SHANGHAI (Reuters) - France will encourage its institutions to issue yuan-denominated "panda bonds" as part of efforts to boost financial cooperation with China, China's Ministry of Finance said on Tuesday following a meeting between the two countries' governments.
In a statement published on its website (http://www.mof.gov.cn), the ministry also said the two sides would continue to support the development of Paris's offshore yuan market.
"The basis of local China-France economic and trade cooperation is good and the potential is large," it said.
The joint statement followed a one-day bilateral dialogue in Paris on economic and financial issues attended by Chinese Vice Premier Ma Kai and French Minister of the Economy and Finance Michel Sapin, it said.
France's pledge to push panda bonds, yuan-denominated debt issued by foreign entities in China, comes after Ma visited London last week, and China said it would grant British banks licenses to underwrite the bonds.
Pioneered more than a decade ago, Panda bonds have only taken off over the last couple of years as Chinese policy makers have allowed foreign issuers into their domestic bond market.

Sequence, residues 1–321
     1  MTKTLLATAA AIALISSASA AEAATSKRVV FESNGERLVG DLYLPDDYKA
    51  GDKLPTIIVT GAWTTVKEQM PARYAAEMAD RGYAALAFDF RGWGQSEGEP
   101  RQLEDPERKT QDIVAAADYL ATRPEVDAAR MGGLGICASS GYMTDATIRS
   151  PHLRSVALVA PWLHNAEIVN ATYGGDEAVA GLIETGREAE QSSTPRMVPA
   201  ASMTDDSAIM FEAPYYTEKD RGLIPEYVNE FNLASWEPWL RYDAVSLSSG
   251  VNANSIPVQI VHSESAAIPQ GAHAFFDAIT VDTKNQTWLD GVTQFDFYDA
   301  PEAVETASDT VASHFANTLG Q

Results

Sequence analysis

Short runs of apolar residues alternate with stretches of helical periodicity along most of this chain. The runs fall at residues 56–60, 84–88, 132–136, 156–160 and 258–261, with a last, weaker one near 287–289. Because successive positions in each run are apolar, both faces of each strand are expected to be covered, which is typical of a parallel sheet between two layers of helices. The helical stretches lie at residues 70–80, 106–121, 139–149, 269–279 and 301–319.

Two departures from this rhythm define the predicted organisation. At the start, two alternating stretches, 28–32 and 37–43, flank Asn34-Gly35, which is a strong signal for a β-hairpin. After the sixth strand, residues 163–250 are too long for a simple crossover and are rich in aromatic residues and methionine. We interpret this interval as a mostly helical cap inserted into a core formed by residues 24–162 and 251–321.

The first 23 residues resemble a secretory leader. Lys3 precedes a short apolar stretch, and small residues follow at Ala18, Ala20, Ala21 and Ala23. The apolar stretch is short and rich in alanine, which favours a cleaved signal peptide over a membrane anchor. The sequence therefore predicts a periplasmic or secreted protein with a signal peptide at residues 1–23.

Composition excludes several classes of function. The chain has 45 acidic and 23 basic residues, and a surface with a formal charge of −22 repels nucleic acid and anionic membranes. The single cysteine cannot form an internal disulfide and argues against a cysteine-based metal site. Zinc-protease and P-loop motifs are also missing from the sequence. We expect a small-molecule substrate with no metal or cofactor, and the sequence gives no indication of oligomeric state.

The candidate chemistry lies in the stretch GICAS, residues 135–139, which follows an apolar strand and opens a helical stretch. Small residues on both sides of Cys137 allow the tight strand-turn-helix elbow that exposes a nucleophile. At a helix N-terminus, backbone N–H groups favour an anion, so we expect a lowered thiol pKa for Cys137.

In the first nine months this year, panda bond issuance amounted to 84.2 billion yuan ($12.28 billion), compared with 89.4 billion yuan for dim sum bonds, statistics from Bank of China International showed.
JPMorgan said in a note in June that 12 billion yuan worth of panda bonds had been sold in 2015.
Companies represent almost two-thirds of that issuance, the data showed, although most of these were overseas offshoots of Chinese firms. Foreign governments accounted for 14 percent of the total while financial firms and supranationals made up 12 and 9 percent respectively.
Earlier this month National Bank of Canada <NA.TO> issued a 3.5 billion yuan panda bond, becoming the first North American financial institution to do so.
The Chinese and French delegations discussed a range of other issues, and China said it would welcome more French institutions to apply for RQFII status, and would also consider increasing France's RQFII quota in accordance with investor demand, the statement said.
(Reporting by David Stanway and John Ruwitch; Editing by Kim Coghill and Sam Holmes)